Letter from RAW

‘Peoples’ perceived reality tunnels don’t always jibe with the sociological reality around them. As a matter of fact, I don’t think there are any two people living in the same reality tunnel. Arlen and I have been together for nigh on forty years now, and I swear we have separate reality tunnels. There are times when we can’t understand each other at all. We’re just being tolerant.’
– RAW (Trajectories #15, segment on Anxiety Culture)

Here’s a letter I got from RAW in 1995. It comments on a few of the things I wrote about in a modest zine I DIY-published at the time. (More context below).

Incidentally, Bob appeared to get into the creative spirit of pre-internet zine culture – in which people sent each other all kinds of cool stuff by snail mail (see also Ivan Stang’s High Weirdness by Mail and the Factsheet Five Zine Reader). This letter came in an envelope with a big sticker of Marilyn Monroe on the back; it contained art postcards (including a Warhol pop art rendition of Monroe) and a ‘The Far Side’ comic strip from a calendar, dated 23 February.

Later that year (December 1995), in Trajectories #15 – an audio edition – RAW commented further on several of the items in Anxiety Culture (which went on to be a website), including a study on people hating their jobs, oddities in crime stats, and the main two underlying messages in adverts. Here’s the segment:

6 thoughts on “Letter from RAW

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  1. Before coming to your blog today, I just read an article explaining that left and right in the USA are victims of each other misdescribing the other side. I was wondering if that is not overblown, on purpose, as RAW notes, in order to further the divide and conquer methodology of the Corporatocracy. I think there is some truth in that, but I tend to agree with RAW that the culprit has more to do with an inbred moralistic mindset that uses guilt as a cudgel.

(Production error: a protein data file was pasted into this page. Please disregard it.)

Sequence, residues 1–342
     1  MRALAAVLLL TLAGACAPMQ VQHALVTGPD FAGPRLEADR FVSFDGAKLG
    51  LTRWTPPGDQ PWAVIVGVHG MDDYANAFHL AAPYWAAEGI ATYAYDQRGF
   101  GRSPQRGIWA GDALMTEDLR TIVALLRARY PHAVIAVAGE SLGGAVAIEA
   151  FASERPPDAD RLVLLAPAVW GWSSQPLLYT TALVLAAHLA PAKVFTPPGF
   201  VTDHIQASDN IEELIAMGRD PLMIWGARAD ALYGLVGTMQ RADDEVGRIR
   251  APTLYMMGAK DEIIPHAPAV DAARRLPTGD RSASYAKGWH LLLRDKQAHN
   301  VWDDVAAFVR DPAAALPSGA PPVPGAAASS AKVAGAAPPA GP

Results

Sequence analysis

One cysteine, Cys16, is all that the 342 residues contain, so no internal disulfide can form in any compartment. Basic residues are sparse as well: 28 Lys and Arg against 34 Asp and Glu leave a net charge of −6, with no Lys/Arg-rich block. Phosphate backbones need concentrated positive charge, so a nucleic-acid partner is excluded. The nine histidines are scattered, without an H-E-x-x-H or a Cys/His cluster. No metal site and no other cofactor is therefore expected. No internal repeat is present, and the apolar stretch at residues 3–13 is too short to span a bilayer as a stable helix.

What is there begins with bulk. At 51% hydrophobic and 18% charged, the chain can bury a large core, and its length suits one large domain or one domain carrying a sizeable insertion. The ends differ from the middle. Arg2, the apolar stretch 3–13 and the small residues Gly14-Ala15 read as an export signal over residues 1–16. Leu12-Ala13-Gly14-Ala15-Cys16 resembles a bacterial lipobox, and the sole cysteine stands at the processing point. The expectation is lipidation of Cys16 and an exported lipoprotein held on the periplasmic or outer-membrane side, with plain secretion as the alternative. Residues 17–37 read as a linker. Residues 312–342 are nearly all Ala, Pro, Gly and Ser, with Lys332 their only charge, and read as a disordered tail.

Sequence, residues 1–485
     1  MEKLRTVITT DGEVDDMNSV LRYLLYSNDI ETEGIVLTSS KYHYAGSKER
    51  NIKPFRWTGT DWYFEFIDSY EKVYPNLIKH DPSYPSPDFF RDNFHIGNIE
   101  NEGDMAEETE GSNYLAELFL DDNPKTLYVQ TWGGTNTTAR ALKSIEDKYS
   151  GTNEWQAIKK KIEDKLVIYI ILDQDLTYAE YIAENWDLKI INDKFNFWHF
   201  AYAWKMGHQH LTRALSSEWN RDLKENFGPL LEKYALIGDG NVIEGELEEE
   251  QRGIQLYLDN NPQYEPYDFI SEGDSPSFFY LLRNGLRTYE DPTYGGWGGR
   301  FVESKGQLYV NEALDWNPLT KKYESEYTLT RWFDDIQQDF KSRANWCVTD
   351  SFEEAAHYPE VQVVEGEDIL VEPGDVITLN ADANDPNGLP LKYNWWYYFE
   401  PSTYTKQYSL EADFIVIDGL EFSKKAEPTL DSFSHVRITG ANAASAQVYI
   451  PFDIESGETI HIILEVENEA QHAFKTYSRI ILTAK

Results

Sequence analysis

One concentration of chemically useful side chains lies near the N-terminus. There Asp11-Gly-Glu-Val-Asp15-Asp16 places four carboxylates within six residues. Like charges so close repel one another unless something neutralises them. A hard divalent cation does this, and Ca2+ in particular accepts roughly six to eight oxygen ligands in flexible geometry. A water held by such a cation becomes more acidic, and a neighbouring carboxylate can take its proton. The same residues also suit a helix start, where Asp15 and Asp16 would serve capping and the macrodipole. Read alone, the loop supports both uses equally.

1. One of the things I liked about Jaron Lanier’s take on social media is that it doesn’t require positing top-down manipulation (Ruling Class divide & rule etc) – the algorithms do their own thing based on monetization and those anxiety/guilt/shame/masochism tendencies that RAW lists (albeit with people like Bannon wanting to exploit things). Interesting notion (in the linked piece) that Trump’s appeal to his followers comes from his lack of virtue & his shamelessness. Having been quite influenced by Lakoff’s Moral Politics thesis, I see it a little differently – with different political identities expressing fundamentally different moral hierarchies. For his followers, I think Trump has the virtues that Lakoff’s model predicts are most important to ‘conservative’ morality – eg ‘Moral Strength’ (as in “winning”, “fighting”, “might”) & individual self-interest. I can see how his shamelessness in terms of what Lakoff calls ‘liberal’ morality has obvious appeal for his fans. But Trump’s real fear & shame no doubt come from losing – the ultimate sin in his moral hierarchy. And in that model (Lakoff’s) I think the fear/guilt/shame follows the moral hierarchy – ie completely different cognitive/behavioural triggers & manifestations according to moral-political identity. Something a lot of cognitive scientists seem to be interested in mapping, by stated political stance.

      Liked by 1 person

      1. I think RAW described that dynamic most often as Patrist vs Matrist, but what could also be Dominance vs Cooperation models. RAW’s model has always suggested to me that the left is viewed as stereotypical female by the stereotypical right. Complaints from the left are heard as comments from a “nagging wife.” Trump’s, and the right’s, attacks on the left could be seen as a form of domestic abuse.


      2. That’s a great way of putting it. When I get around to it, I’m hoping to write a post on the parallels between the Patrist vs Matrist thing as RAW describes it, and my understanding of Lakoff’s Moral Politics thesis.

        Liked by 1 person

    1. It’s one of my favourites, and not just because of the mention of my zine. I think RAW says at one point that a main theme is “sociological detail” – the kind of thing we might overlook, particularly if we’re using big sweeping generalisations and presumptions in our thinking.


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